With the cooling fan ON/OFF control enabled (H06 = 1), this output signal is ON when the cooling fan is in operation,
and OFF when it is stopped. This signal can be used to make the cooling system of peripheral equipment interlocked for
an ON/OFF control
U codes
y codes
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H07
Acceleration/Deceleration Pattern
H08
Rotational Direction Limitation
(Refer to F07.)
H08 inhibits the motor from running in an unexpected rotational direction due to miss-operation of run commands,
miss-polarization of frequency commands, or other mistakes.
Data for H08
0
1
2
Function
Disable
Enable (Reverse rotation inhibited)
Enable (Forward rotation inhibited)
Under vector control, some restrictions apply to the speed command. Under vector control without speed sensor, a
speed estimation error caused by a motor constant error or other errors may slightly rotate the motor in the direction
other than the specified one.
H09
d67
Starting Mode (Auto search)
Starting Mode (Auto search)
H49 (Starting Mode, Auto search delay time 1)
H46 (Starting Mode, Auto search delay time 2)
H09 specifies the starting mode--whether to enable the auto search for idling motor speed to run the idling motor
without stopping it.
The auto search can apply to the restart of the inverter after a momentary power failure and the normal startup of the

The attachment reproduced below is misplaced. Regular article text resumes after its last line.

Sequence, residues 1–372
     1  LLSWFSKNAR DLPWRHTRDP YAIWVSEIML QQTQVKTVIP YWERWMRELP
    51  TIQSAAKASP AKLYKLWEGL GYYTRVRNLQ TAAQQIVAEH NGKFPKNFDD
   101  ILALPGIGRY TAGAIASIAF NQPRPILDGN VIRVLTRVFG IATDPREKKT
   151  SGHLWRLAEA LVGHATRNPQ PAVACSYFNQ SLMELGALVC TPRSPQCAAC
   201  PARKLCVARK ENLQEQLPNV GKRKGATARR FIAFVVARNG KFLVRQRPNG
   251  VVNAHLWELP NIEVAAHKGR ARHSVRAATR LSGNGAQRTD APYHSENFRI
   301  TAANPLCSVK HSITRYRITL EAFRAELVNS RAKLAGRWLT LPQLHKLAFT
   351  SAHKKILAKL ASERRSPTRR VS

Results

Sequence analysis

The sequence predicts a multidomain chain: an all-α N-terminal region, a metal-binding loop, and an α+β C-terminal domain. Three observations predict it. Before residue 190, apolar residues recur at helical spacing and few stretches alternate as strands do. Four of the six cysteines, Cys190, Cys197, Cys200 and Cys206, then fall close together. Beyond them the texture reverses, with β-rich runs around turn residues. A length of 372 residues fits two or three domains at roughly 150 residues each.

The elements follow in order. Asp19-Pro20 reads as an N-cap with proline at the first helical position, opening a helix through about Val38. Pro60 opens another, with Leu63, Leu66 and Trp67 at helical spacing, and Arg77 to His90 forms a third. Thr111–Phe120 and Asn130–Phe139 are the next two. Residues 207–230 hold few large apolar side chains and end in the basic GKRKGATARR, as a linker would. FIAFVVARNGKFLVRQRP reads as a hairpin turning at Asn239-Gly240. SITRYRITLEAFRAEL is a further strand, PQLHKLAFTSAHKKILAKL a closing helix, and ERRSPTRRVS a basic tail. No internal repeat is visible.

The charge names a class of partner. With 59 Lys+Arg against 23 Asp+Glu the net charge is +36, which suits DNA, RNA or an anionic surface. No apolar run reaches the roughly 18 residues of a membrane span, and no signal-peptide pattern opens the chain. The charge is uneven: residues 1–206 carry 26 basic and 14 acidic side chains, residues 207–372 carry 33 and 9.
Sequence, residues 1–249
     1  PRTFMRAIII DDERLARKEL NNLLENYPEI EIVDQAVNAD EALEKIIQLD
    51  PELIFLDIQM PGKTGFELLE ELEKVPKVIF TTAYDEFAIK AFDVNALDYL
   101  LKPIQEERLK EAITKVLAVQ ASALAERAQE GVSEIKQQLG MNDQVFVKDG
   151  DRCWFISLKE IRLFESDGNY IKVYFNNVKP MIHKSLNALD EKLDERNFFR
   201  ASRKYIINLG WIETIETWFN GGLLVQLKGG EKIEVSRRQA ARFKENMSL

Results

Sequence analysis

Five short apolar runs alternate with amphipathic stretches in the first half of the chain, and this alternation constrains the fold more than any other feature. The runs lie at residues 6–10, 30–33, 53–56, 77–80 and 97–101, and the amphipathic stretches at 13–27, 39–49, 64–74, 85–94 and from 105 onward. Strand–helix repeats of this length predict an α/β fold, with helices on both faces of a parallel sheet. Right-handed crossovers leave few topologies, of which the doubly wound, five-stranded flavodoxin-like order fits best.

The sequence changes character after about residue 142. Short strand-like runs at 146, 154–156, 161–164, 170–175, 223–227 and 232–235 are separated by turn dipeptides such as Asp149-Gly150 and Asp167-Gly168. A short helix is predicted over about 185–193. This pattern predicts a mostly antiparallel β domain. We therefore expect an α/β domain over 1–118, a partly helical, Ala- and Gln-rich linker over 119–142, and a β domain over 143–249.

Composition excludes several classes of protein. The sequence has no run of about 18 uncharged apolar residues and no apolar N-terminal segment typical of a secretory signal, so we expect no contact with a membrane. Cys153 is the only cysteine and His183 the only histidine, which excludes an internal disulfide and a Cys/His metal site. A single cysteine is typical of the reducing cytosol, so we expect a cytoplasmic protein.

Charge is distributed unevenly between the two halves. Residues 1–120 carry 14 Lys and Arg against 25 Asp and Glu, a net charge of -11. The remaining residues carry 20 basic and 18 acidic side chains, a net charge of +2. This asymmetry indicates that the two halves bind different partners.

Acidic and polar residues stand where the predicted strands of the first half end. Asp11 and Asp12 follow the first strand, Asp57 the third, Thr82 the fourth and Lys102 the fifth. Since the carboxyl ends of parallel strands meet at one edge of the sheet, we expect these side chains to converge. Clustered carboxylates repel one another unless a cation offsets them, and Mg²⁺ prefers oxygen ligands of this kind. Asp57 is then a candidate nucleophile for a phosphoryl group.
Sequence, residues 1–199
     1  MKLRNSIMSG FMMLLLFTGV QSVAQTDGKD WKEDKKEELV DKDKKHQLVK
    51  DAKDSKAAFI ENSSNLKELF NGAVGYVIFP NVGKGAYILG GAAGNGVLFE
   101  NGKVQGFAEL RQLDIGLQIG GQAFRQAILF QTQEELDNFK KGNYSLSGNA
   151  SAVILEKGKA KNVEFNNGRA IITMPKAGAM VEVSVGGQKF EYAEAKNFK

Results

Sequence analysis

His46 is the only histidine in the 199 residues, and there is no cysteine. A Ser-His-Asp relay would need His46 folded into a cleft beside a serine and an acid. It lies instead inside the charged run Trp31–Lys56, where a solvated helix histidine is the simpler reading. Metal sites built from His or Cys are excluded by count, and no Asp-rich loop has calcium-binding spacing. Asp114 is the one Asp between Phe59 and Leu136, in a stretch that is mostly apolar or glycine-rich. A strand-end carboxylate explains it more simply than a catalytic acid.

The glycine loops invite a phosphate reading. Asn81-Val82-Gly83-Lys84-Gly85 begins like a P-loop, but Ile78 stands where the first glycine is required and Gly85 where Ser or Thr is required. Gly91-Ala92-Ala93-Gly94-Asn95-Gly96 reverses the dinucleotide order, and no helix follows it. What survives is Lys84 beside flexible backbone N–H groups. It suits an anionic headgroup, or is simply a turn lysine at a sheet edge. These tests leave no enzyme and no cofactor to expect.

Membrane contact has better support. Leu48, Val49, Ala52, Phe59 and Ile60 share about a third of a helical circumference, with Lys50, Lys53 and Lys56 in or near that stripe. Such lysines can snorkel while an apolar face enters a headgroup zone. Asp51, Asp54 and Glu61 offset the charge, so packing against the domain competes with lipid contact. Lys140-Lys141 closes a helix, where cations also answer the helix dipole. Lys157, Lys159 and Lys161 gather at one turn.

inverter individually.
If the terminal command STM ("Enable auto search for idling motor speed at starting") is assigned to a digital input
terminal with any of E01 to E07 (data = 26), the combination of the H09 data and the STM command status switches
the starting modes (whether auto search is enabled or disabled). If no STM is assigned, the inverter interprets STM as
being OFF by default.
„ H09/d67 (Starting mode, auto search) and terminal command STM
("Enable auto search for idling motor speed at starting")
The combination of H09/d67 data and the STM status determines whether to perform the auto search as listed below.
Function code
H09
d67
Data for H09/d67
0: Disable
1: Enable
2: Enable
―
Drive control
V/f control (F42 = 0 to 2)
Vector control with speed sensor (F42 = 5)
STM
OFF
OFF
OFF
ON
Factory default
0: Disable
2: Enable
Auto search for idling motor speed at starting
For restart after momentary
For normal startup
power failure (F14 = 3 to 5)
Disable
Disable
Enable
Disable
Enable
Enable
Enable
Enable
When STM is ON, auto search for idling motor speed at starting is enabled regardless of the H09/d67 setting.
Refer to E01 to E07 (data = 26).
Auto search for idling motor speed
Starting the inverter (with a run command ON, BX OFF, auto-reset, etc.) with STM being ON searches for the idling
motor speed for a maximum of 1.2 seconds to run the idling motor without stopping it. After completion of the auto
search, the inverter accelerates the motor up to the reference frequency according to the frequency command and the
preset acceleration time.
Auto search for idling motor speed to follow
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„ Starting Mode (Auto search delay time 1) (H49)
Data setting range: 0.0 to 10.0 (s)
Auto search for the idling motor speed will become unsuccessful if it is done while the motor retains residual voltage. It
is, therefore, necessary to leave the motor for an enough time for residual voltage to disappear. H49 specifies that time
(0.0 to 10.0 sec.).